Texas: Syphilis Can Help Spread HIV; New Campaign Designed to Raise Public Awareness
Houston and Harris County health officials are launching a new educational campaign aimed at making area residents aware of the connection between syphilis and HIV/AIDS.
Harris County reported a decline in new syphilis cases in the last two years. Even so, 2009's 317 cases represent a 359 percent increase since 1999, the first year after the county stopped receiving a CDC syphilis prevention grant. Houston recorded the nation's second-highest number of syphilis cases in 2007 (443), dropping to eighth in 2009.
"Harris County hasn't seen so much syphilis in 60 years," said Dr. Robert Andrade, an infectious-disease specialist at Baylor College of Medicine and Thomas Street Health Center.
On Friday, public health experts conducted a symposium for health care providers in Acres Homes -- a center for syphilis activity in the county. Forty percent of Houston's syphilis cases are co-infected with HIV, with African Americans accounting for a majority of these patients. Syphilis can increase HIV transmission fivefold, said Michael Ross, a professor of public health at the University of Texas Health Science Center at Houston.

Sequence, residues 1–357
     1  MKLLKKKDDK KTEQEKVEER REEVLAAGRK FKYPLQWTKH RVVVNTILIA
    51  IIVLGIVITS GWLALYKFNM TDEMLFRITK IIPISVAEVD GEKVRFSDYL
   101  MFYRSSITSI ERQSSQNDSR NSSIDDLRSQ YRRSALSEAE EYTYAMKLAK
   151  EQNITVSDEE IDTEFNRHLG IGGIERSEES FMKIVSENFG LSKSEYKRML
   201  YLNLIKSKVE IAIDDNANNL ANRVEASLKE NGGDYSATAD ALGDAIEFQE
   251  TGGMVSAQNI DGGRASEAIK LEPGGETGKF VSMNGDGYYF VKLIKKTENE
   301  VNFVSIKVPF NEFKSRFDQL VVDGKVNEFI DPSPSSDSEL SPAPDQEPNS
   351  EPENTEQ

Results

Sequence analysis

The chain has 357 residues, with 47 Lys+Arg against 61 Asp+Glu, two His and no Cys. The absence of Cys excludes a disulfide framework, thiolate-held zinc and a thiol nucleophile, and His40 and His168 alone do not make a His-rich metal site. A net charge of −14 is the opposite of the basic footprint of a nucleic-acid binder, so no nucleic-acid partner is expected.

Ross said a big factor in the city's syphilis epidemic of the last decade is gay men using the Internet to find sex partners. "HIV-positive men will hook up with other HIV-positive men and HIV-negative men will hook up with other HIV-negative men, both groups thinking that they're safe. But they don't realize they're often spreading syphilis or other STDs," said Ross, a symposium speaker.